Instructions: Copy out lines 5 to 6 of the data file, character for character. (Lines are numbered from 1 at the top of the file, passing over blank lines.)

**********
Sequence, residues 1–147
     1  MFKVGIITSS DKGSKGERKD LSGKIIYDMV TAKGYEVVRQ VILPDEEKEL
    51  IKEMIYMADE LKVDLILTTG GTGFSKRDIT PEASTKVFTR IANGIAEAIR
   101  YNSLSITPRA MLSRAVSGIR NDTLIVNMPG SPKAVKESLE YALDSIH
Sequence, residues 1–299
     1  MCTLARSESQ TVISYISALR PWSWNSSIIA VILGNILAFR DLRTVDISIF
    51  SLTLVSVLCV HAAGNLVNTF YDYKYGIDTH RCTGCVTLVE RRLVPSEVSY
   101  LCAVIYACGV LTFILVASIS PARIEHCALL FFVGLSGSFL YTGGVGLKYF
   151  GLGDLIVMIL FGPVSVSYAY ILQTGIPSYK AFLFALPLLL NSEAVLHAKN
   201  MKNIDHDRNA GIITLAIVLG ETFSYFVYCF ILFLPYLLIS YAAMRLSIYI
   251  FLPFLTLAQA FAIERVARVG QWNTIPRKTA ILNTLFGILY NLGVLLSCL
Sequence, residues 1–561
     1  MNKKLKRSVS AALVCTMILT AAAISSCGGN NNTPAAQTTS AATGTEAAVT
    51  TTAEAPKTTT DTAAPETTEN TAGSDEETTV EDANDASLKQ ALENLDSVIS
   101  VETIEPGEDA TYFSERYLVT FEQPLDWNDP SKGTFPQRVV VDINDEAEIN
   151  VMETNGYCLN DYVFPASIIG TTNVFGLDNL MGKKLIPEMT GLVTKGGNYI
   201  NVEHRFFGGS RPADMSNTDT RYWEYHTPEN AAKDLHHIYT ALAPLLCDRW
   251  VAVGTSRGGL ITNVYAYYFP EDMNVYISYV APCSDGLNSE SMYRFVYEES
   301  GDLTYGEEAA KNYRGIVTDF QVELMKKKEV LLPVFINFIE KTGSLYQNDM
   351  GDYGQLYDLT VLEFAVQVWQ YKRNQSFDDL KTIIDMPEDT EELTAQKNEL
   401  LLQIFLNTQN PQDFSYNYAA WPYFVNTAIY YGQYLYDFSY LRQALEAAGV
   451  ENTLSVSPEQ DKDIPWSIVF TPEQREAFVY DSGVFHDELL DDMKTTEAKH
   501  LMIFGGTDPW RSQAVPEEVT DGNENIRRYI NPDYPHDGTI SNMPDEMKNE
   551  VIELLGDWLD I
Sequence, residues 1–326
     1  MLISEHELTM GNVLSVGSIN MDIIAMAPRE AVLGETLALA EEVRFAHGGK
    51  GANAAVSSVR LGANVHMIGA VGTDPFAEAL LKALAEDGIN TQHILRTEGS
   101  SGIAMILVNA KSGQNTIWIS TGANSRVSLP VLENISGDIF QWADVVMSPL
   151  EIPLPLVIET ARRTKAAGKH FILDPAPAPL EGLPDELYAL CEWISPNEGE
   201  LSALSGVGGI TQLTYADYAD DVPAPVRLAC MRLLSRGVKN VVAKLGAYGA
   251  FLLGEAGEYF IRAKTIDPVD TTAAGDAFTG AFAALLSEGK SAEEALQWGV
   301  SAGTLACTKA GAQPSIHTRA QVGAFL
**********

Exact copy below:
Sequence, residues 1–299
     1  MCTLARSESQ TVISYISALR PWSWNSSIIA VILGNILAFR DLRTVDISIF